FPIN's Clinical Inquiries

Positional Therapies for Obstructive Sleep Apnea

 

Am Fam Physician. 2021 May 1;103(9):568-569.

Clinical Question

Are positional therapies an effective method of treating obstructive sleep apnea (OSA)?

Evidence-Based Answer

Positional therapies for OSA produce moderate improvements (16% to 40%) in clinical apnea measures compared with no treatment. (Strength of Recommendation [SOR]: B, based on a meta-analysis of small randomized controlled trials [RCTs].) Positional therapies are not as effective as continuous positive airway pressure (CPAP). (SOR: B, based on a meta-analysis of small crossover trials.)

Evidence Summary

POSITIONAL THERAPY COMPARED WITH NO TREATMENT

A systematic review and meta-analysis of adults with OSA that compared the effectiveness of positional and CPAP therapies with each other or no treatment found that positional therapy was moderately effective.1 Positional therapies included vibration alarms, specialty pillows, and semi-rigid backpacks. Outcomes were the objective apnea-hypopnea index (which counts the number of apneic and hypopneic episodes per hour) and the subjective Epworth Sleepiness Scale (a self-reported questionnaire with scores ranging from 0 to 18, with higher scores representing more sleepiness) measured over six months.

Two parallel-group RCTs (n = 187) compared positional therapy and inactive control for two months in adults with OSA. They found that positional therapy improved the apnea-hypopnea index by about 40% (mean = 16.8 to 19.9 events per hour with inactive control vs. 7.4 fewer events per hour with positional therapy; 95% CI, 4.7 to 10.1). Results on the Epworth Sleepiness Scale improved by about 16% (mean = 9.4 to 10.9 points with inactive control vs. 1.6 points lower with positional therapy; 95% CI, 0.3 to 2.9). No changes were noted in quality-of-life scores or quality of sleep (i.e., percentage of rapid eye movement or slow, deep sleep). The authors rated the quality of the studies as low to moderate. At two months, patients were equally likely to continue positional therapy and the inactive control therapy (about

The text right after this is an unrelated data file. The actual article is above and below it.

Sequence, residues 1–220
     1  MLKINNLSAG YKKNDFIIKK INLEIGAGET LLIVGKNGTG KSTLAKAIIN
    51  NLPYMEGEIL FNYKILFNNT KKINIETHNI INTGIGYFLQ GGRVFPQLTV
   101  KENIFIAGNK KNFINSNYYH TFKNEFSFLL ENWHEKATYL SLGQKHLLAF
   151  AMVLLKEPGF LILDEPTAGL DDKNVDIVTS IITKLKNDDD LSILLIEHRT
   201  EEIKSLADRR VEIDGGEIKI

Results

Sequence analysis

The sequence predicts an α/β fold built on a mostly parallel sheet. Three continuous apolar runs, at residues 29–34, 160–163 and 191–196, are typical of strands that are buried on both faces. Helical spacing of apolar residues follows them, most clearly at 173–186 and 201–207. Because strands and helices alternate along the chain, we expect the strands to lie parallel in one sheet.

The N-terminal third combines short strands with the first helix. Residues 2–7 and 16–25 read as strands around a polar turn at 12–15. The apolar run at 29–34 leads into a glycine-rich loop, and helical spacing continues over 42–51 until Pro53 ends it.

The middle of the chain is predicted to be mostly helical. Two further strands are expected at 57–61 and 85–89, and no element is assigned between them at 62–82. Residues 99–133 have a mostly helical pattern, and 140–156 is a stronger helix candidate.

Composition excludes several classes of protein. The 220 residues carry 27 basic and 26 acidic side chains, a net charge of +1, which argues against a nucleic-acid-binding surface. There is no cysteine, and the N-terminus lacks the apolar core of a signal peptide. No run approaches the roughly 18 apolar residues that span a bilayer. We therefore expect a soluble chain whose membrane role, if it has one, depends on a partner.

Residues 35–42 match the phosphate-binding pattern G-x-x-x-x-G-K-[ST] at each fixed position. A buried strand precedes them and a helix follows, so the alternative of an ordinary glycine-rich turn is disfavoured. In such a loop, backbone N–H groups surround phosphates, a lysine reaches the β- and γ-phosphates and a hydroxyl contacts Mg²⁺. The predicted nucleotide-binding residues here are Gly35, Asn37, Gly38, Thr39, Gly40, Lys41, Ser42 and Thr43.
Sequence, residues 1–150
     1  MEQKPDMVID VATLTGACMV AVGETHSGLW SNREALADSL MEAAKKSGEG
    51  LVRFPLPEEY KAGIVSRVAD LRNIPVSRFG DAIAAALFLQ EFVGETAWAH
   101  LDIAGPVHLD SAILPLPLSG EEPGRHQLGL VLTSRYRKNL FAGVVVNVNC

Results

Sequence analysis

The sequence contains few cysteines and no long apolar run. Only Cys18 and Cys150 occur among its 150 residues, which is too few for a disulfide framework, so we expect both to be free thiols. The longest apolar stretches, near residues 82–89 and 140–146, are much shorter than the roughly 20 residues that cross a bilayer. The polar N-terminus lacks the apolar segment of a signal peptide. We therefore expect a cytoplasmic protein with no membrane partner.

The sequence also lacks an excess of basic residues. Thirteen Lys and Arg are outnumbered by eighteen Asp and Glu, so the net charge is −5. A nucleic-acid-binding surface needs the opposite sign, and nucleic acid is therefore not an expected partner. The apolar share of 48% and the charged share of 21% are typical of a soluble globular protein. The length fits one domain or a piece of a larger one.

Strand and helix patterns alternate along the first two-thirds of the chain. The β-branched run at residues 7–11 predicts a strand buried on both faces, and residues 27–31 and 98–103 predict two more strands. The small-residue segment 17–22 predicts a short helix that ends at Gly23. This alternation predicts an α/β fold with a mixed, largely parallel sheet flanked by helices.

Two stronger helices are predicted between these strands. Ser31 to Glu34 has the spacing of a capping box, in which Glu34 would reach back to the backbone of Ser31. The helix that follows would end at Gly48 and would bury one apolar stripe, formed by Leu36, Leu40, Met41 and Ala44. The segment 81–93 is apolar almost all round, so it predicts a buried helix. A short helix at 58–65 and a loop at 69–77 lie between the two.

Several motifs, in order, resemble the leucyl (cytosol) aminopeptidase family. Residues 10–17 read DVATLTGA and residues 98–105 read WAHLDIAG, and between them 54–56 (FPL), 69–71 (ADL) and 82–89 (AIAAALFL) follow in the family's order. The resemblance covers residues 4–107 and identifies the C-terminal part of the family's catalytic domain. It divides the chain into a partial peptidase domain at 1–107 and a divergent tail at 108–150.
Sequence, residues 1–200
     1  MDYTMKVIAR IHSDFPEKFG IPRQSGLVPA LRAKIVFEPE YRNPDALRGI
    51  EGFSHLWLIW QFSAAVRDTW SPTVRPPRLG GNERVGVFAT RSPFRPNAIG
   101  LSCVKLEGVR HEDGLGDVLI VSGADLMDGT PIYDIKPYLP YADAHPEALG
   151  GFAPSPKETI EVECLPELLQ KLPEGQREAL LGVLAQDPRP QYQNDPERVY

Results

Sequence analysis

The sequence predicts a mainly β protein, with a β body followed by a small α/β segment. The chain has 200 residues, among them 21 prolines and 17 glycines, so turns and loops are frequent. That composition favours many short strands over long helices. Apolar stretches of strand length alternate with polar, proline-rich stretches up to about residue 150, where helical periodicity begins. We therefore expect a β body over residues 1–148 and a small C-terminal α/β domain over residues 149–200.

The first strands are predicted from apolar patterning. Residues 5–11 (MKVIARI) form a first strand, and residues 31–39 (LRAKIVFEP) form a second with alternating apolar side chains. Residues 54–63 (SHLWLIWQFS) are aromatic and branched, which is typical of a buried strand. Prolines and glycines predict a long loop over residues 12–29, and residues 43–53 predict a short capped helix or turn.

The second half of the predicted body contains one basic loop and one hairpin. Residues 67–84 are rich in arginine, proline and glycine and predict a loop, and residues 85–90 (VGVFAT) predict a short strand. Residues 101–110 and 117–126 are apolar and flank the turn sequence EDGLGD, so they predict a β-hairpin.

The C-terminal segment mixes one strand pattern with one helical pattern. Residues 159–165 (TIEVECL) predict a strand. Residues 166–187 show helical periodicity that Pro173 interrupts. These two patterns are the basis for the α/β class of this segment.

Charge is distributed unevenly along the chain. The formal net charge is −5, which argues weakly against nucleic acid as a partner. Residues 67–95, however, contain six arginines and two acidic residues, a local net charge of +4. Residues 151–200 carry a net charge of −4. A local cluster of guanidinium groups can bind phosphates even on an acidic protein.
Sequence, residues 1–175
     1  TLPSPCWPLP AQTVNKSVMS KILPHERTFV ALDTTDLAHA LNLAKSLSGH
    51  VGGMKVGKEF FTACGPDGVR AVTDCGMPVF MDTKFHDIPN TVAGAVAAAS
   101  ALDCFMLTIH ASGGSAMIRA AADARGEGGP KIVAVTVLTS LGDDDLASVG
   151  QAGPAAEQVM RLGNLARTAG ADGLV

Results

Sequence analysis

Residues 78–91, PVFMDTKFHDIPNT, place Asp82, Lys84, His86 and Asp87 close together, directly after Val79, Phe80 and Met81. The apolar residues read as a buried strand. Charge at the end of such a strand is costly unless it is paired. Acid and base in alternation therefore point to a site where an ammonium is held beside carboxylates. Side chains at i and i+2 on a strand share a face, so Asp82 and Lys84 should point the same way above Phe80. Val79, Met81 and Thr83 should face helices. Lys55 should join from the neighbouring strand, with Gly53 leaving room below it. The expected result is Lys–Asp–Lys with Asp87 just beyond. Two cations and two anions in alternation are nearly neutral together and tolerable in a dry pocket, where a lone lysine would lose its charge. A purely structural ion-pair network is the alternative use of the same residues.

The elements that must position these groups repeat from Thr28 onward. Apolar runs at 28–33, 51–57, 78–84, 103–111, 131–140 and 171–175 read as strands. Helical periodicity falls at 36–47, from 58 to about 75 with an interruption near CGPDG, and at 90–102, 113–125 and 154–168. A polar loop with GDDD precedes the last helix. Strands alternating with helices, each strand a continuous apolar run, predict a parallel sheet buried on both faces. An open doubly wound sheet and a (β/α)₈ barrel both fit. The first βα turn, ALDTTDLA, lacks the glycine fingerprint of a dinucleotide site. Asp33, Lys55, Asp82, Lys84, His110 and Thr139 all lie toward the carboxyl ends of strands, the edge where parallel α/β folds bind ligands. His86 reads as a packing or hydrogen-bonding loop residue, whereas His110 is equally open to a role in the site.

Address correspondence to Jon O. Neher, MD, at jon_neher@valleymed.org. Reprints are not available from the authors.

Author disclosure: No relevant financial affiliations.


Copyright © Family Physicians Inquiries Network. Used with permission.

References

show all references

1. Srijithesh PR, Aghoram R, Goel A, et al. Positional therapy for obstructive sleep apnoea. Cochrane Database Syst Rev. 2019;(5):CD010990....

2. Siccoli MM, Pepperell JCT, Kohler M, et al. Effects of continuous positive airway pressure on quality of life in patients with moderate to severe obstructive sleep apnea: data from a randomized controlled trial. Sleep. 2008;31(11):1551–1558.

3. Ravesloot MJL, White D, Heinzer R, et al. Efficacy of the new generation of devices for positional therapy for patients with positional obstructive sleep apnea: a systematic review of the literature and meta-analysis. J Clin Sleep Med. 2017;13(6):813–824.

4. Mok Y, Tan A, Hsu PP, et al. Comparing treatment effects of a convenient vibratory positional device to CPAP in positional OSA: a crossover randomised controlled trial. Thorax. 2020;75(4):331–337.

5. Qaseem A, Holty JEC, Owens DK, et al.; Clinical Guidelines Committee of the American College of Physicians. Management of obstructive sleep apnea in adults: a clinical practice guideline from the American College of Physicians. Ann Intern Med. 2013;159(7):471–483.

Clinical Inquiries provides answers to questions submitted by practicing family physicians to the Family Physicians Inquiries Network (FPIN). Members of the network select questions based on their relevance to family medicine. Answers are drawn from an approved set of evidence-based resources and undergo peer review.

The complete database of evidence-based questions and answers is copyrighted by FPIN. If interested in submitting questions or writing answers for this series, go to http://www.fpin.org or email: questions@fpin.org.

This series is coordinated by John E. Delzell Jr., MD, MSPH, associate medical editor.

A collection of FPIN's Clinical Inquiries published in AFP is available at https://www.aafp.org/afp/fpin.

 

 

Want to use this article elsewhere? Get Permissions

CME Quiz

More in AFP

More in Pubmed

MOST RECENT ISSUE


Jun 15, 2021

Access the latest issue of American Family Physician

Read the Issue


Email Alerts

Don't miss a single issue. Sign up for the free AFP email table of contents.

Sign Up Now

Navigate this Article